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    ABSTRACT: Background Little is known about adverse events (AEs) in pediatric patients. Record review is a common methodology for identifying AEs, but in pediatrics the record review tools generally have limited focus. The aim of the present study was to develop a broadly applicable record review tool to identify AEs in pediatric inpatients.Methods Using a broad literature review and expert opinion with a modified Delphi process, a pediatric trigger tool with 88 triggers, definitions, and descriptions including AE preventability decision support was developed and tested in a random sample of 600 hospitalized pediatric patients admitted in 2010 to a single university children¿s hospital. Four registered nurse-physician teams performed complete two-stage retrospective reviews of 150 records each from either neonatal, surgical/orthopedic, medicine, or emergency medicine units.ResultsRegistered nurse review identified 296 of 600 records with triggers indicating potential AEs. Records (n¿=¿121) with only false positive triggers not indicating any potential AEs were not forwarded to the next review stage. On subsequent physician review, 204 (34.0%) of patients were found to have had 563 AEs, range 1¿27 AEs/patient. A total of 442 preventable AEs were found in 161 patients (26.8%), range 1¿22. Overall, triggers were found 3,598 times in 417 (69.5%) records, with a mean of 6 (median 1, range 0¿176) triggers per patient. The overall positive predictive value of the triggers was 22.9%, (range 0.0-100.0%). The final pediatric trigger tool, developed with a second Delphi round, required 29 triggers.ConclusionsAEs are common in pediatric patients and most are preventable. The main contributions of this study are to further develop and adapt trigger definitions, including AE preventability decision support, to introduce new triggers in pediatric care, as well as to apply pediatric triggers in different clinical specialties. Our findings resulted in a national pediatric trigger tool, and might also be adapted internationally. The pediatric trigger tool can help healthcare organizations to measure and analyze the AEs occurring in hospitalized children in order to improve patient safety.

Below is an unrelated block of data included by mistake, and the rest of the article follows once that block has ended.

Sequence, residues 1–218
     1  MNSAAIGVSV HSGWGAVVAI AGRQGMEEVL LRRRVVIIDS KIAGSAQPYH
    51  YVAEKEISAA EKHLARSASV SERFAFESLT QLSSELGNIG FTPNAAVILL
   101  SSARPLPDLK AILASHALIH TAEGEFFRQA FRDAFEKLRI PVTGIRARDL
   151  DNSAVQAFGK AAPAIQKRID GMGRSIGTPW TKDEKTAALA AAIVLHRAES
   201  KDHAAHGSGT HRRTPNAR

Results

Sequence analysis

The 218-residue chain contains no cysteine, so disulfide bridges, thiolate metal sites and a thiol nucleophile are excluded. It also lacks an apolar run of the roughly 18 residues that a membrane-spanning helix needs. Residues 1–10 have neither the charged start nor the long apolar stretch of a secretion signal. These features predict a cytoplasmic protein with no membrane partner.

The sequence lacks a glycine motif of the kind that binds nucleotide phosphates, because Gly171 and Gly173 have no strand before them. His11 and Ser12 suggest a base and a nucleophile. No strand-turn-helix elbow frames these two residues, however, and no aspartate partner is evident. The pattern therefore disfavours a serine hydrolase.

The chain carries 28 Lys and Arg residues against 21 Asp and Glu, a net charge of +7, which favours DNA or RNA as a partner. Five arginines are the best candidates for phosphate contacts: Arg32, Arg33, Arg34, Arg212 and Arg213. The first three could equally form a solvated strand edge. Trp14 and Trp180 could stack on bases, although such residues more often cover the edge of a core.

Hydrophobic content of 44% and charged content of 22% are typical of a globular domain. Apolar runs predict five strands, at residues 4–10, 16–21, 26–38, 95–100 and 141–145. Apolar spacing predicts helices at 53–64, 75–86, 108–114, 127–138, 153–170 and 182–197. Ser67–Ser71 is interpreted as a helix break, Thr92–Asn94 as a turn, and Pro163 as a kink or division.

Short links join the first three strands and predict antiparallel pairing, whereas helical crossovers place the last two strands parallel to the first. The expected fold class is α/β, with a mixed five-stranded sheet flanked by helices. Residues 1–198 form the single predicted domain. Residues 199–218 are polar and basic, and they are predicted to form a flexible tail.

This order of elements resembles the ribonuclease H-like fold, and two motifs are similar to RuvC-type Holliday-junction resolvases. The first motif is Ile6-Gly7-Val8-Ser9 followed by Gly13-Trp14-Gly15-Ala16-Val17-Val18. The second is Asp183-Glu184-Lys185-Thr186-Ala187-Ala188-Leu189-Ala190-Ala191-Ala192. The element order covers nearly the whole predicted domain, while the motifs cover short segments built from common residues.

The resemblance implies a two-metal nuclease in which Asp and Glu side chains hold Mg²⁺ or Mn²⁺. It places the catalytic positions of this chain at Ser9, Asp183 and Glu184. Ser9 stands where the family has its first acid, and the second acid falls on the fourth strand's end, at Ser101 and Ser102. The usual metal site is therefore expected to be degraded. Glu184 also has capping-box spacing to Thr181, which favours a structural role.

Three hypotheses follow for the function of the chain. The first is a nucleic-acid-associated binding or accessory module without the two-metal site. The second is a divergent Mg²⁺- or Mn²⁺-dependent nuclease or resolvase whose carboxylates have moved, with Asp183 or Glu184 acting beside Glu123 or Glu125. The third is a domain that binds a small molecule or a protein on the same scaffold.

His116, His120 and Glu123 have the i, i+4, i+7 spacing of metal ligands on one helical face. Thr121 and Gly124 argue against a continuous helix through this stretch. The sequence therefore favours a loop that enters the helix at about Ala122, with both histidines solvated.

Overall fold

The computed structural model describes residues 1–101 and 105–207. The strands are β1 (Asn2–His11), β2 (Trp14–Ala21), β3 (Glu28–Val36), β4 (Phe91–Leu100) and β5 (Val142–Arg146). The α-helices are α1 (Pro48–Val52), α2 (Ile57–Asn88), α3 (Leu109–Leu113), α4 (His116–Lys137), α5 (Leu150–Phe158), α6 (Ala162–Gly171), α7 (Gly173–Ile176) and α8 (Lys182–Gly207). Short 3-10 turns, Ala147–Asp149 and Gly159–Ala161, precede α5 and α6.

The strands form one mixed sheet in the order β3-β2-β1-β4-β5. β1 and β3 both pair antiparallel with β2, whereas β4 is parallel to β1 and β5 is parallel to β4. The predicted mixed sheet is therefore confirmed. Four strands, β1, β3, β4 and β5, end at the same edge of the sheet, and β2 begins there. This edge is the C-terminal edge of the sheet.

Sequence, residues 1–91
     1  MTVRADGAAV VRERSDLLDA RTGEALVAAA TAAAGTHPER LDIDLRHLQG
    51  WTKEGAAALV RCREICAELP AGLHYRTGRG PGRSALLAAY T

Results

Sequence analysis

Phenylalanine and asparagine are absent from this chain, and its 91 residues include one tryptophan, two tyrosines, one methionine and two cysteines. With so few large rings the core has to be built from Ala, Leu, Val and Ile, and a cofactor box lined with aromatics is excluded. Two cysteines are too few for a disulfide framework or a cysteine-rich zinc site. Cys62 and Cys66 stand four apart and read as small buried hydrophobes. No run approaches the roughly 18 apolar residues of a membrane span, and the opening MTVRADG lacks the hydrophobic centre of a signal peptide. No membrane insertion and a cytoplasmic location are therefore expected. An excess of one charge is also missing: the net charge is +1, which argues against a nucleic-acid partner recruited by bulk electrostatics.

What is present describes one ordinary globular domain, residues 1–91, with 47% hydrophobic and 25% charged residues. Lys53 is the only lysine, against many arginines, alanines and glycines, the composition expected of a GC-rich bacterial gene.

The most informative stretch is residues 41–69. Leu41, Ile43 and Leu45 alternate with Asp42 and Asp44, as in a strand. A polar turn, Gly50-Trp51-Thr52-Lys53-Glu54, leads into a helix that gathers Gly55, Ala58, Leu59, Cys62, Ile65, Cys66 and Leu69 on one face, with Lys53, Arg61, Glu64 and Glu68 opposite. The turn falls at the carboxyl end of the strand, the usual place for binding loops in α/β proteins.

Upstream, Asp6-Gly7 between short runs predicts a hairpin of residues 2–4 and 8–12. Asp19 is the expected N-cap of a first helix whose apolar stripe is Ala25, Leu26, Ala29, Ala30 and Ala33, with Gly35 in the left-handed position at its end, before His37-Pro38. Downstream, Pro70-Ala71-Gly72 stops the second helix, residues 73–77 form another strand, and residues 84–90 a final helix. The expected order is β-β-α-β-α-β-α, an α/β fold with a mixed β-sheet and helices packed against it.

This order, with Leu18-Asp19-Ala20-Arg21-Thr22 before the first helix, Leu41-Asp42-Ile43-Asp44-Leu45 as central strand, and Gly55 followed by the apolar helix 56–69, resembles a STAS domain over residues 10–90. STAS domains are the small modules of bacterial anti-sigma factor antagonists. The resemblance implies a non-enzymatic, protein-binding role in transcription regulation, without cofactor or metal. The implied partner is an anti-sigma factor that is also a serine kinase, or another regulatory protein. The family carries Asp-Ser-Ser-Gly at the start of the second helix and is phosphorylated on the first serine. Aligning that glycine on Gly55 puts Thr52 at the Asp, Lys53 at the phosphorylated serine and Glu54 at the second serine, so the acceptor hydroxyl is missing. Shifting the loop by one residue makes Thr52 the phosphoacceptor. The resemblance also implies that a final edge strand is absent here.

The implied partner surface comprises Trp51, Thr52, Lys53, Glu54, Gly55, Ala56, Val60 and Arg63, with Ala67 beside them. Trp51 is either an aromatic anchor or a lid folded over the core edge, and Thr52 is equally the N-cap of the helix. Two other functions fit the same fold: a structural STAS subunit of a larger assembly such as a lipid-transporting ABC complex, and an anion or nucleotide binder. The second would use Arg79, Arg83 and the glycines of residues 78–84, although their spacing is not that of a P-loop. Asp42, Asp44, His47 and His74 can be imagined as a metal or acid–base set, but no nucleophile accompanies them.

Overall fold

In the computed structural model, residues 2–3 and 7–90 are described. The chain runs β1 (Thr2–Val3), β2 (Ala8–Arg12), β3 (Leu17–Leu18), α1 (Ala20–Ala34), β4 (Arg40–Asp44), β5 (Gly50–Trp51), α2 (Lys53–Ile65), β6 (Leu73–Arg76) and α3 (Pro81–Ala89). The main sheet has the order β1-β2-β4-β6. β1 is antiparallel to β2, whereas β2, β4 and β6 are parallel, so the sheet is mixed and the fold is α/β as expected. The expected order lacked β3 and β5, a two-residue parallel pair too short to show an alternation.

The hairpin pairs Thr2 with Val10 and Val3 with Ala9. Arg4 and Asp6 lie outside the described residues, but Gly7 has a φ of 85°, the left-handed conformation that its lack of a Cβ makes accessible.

BMC Health Services Research 12/2014; 14(1):655. · 1.66 Impact Factor